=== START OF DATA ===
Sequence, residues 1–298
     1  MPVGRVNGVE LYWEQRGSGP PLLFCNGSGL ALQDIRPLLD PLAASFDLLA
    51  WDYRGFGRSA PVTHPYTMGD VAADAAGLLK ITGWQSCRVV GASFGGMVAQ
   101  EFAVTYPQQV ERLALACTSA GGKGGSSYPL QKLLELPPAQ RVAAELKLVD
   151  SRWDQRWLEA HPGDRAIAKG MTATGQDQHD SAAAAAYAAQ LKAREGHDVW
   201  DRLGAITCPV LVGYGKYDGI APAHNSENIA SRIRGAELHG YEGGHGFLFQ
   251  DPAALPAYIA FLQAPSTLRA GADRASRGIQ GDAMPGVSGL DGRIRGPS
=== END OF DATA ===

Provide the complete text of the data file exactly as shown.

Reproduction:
Sequence, residues 1–298
     1  MPVGRVNGVE LYWEQRGSGP PLLFCNGSGL ALQDIRPLLD PLAASFDLLA
    51  WDYRGFGRSA PVTHPYTMGD VAADAAGLLK ITGWQSCRVV GASFGGMVAQ
   101  EFAVTYPQQV ERLALACTSA GGKGGSSYPL QKLLELPPAQ RVAAELKLVD
   151  SRWDQRWLEA HPGDRAIAKG MTATGQDQHD SAAAAAYAAQ LKAREGHDVW
   201  DRLGAITCPV LVGYGKYDGI APAHNSENIA SRIRGAELHG YEGGHGFLFQ
   251  DPAALPAYIA FLQAPSTLRA GADRASRGIQ GDAMPGVSGL DGRIRGPS